About Lust & Wonder, though, he says, “This one was a little bit of a cringe: ‘Won’t people who’ve read my other books be surprised!’ ”
Surprised longtime readers may be, but it’s truly a laugh-out-loud volume with some marvelous observations and turns of phrase. QVC, was, pre-Twitter, “the purest form of distilled American culture available.” An ex-boyfriend had “retained a toddler’s good nature, but it had been molested by an old man’s bitterness.” On having fun in a buttoned-down American city: “We were displaying much more joy than is customary in Boston, so we packed up our merriment and went to catch our train.” And a multi-page treatment of boring party guests culminates in this remark about one particularly excruciating dullard: “I once had to sit across from him at dinner while he described the difficulty he’d experienced opening a jar.”
Here and there, the reader catches glimpses of Burroughs’ growing wealth and stature. The casual way he slips in his having purchased a home in Massachusetts while professing to be a disaster of a human being is a bit jarring. But mostly, Lust & Wonder reveals a professed recluse who misses his dogs — and who endured a 10-year stretch during which he was unable to read a book to completion.
There are whole sides of him that never make it into the books, he says. Like his love of cosmology and theoretical physics. Has “Augusten Burroughs” the composite character begun to acquire weight and gravitas of his own, I ask, or is there a one-to-one alignment between the “real” Burroughs and the one readers encounter on the page?
He pauses before answering.
“To a certain degree, I definitely turn it on when I’m on a book tour or giving interviews, or out in public in the world meeting people, unrecognized, somewhere,” he says. “That Augusten Burroughs, I try to be outgoing and focused on people, the best I can be. But normally, in my life I’m really really super-reclusive living out there, in my practically 300-year old house with four dogs and Christopher and trees as neighbors.” (He’ll be at the Opera Plaza Books Inc. on Tuesday, April 4 at 7 p.m.)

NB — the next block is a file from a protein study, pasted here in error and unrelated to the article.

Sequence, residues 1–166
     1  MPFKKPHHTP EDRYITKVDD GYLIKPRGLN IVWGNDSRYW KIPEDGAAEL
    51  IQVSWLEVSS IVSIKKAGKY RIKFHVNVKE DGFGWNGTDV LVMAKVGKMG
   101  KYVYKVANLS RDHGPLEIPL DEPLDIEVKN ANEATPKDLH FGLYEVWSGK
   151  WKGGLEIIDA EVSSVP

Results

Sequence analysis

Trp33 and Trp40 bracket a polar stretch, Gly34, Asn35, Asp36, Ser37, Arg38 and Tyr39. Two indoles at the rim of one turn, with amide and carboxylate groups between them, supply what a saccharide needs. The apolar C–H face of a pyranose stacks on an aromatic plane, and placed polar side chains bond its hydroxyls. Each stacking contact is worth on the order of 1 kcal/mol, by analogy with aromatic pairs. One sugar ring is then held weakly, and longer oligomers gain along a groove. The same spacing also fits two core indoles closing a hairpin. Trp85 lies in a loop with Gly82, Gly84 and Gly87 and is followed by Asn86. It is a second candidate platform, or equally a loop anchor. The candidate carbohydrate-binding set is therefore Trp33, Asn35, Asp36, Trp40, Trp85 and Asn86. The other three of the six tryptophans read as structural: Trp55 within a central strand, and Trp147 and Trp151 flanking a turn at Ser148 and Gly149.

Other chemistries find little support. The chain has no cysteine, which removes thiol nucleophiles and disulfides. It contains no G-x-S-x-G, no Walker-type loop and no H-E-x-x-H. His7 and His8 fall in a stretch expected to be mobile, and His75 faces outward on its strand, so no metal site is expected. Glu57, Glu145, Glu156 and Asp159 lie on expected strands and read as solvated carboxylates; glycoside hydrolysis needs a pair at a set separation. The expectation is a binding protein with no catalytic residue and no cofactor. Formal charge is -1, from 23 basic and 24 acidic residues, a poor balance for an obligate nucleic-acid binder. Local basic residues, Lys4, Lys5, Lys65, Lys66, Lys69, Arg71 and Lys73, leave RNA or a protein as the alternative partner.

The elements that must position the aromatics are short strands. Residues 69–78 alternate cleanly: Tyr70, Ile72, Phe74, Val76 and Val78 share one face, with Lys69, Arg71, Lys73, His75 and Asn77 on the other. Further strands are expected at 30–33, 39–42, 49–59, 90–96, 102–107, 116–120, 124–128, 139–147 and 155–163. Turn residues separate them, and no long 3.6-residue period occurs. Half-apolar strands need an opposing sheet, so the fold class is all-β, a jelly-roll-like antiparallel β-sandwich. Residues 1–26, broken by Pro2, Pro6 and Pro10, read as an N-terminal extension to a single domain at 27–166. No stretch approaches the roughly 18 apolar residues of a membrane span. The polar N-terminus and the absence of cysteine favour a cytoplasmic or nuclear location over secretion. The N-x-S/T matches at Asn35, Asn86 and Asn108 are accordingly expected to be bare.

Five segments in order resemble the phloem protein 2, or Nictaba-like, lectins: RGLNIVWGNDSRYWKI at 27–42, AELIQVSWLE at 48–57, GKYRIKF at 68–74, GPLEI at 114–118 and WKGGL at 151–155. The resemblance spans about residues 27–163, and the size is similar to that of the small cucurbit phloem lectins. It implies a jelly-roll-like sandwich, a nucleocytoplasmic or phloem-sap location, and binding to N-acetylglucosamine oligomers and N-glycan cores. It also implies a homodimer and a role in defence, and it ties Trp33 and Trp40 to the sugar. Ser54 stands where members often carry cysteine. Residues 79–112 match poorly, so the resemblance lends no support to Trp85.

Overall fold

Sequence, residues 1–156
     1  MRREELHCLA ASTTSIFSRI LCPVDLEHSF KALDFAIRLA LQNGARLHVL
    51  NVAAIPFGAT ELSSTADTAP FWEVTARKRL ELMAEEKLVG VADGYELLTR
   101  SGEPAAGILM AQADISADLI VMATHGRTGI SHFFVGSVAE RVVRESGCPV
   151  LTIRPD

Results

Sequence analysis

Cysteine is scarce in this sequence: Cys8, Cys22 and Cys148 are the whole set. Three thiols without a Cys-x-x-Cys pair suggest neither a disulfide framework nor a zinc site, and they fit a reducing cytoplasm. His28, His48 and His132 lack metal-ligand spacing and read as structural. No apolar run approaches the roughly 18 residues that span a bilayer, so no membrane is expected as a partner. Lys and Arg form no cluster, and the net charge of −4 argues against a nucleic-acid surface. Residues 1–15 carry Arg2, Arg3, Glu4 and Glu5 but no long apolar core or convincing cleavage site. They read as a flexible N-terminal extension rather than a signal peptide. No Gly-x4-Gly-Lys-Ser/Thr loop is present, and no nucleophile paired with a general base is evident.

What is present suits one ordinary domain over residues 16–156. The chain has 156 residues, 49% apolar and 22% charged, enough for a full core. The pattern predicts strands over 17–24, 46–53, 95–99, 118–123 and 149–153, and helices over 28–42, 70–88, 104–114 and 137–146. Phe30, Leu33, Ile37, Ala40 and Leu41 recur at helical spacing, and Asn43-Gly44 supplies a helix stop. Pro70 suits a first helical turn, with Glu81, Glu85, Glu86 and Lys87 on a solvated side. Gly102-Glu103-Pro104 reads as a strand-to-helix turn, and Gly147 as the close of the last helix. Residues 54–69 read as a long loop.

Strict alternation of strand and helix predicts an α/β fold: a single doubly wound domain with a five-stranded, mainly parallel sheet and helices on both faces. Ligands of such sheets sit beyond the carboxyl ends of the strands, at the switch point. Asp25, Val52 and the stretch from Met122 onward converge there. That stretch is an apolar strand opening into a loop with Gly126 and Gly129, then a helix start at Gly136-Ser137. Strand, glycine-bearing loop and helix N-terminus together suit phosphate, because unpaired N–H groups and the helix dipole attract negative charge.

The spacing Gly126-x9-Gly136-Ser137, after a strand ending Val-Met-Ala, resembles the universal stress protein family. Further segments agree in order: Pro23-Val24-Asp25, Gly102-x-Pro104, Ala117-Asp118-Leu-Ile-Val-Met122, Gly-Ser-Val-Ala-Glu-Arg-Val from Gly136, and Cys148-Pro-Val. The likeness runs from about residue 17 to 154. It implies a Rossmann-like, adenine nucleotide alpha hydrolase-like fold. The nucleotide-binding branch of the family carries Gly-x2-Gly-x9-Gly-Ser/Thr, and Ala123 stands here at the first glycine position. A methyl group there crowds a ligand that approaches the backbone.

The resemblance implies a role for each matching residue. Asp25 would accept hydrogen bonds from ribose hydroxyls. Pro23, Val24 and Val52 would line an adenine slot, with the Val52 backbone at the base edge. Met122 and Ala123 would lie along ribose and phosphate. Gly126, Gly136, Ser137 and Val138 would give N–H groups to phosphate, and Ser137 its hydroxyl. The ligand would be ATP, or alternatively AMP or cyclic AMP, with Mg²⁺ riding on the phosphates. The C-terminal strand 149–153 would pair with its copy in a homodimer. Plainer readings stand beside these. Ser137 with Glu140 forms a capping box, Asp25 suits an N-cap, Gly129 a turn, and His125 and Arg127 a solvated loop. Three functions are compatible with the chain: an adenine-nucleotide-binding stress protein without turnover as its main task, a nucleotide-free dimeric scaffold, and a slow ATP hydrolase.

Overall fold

Burroughs can be as merciless about his doctors and therapists as he is about himself. He describes one as having the gray, smooth skin of a dolphin, while another has hair like Joyce Carol Oates in the 1970s. As it turns out, in real life, Burroughs and Oates’ respective tours will soon bring them to the same bookstore only a few days apart. They have never met — yet.
“I’ve met people who have met her, and I’m just absolutely fascinated by everything,” he says. “If I know you’ve met Joyce Carol Oates, that, to me, is, ‘Sit down, and tell me absolutely everything you know. What does she wear? What does she do?’ It’s weird, actually.”
“She’s one of those authors I’m obsessed with, like what’s his name? Nicholas Sparks!” Burroughs adds. “Tell me everything! There are certain writers that fascinate me, for various reasons. Put them on the lab table!”
Augusten Burroughs appears Tuesday, April 4, 7 p.m.. at Books Inc. Opera Plaza, 601 Van Ness Ave., 415-776-1111 or booksinc.net.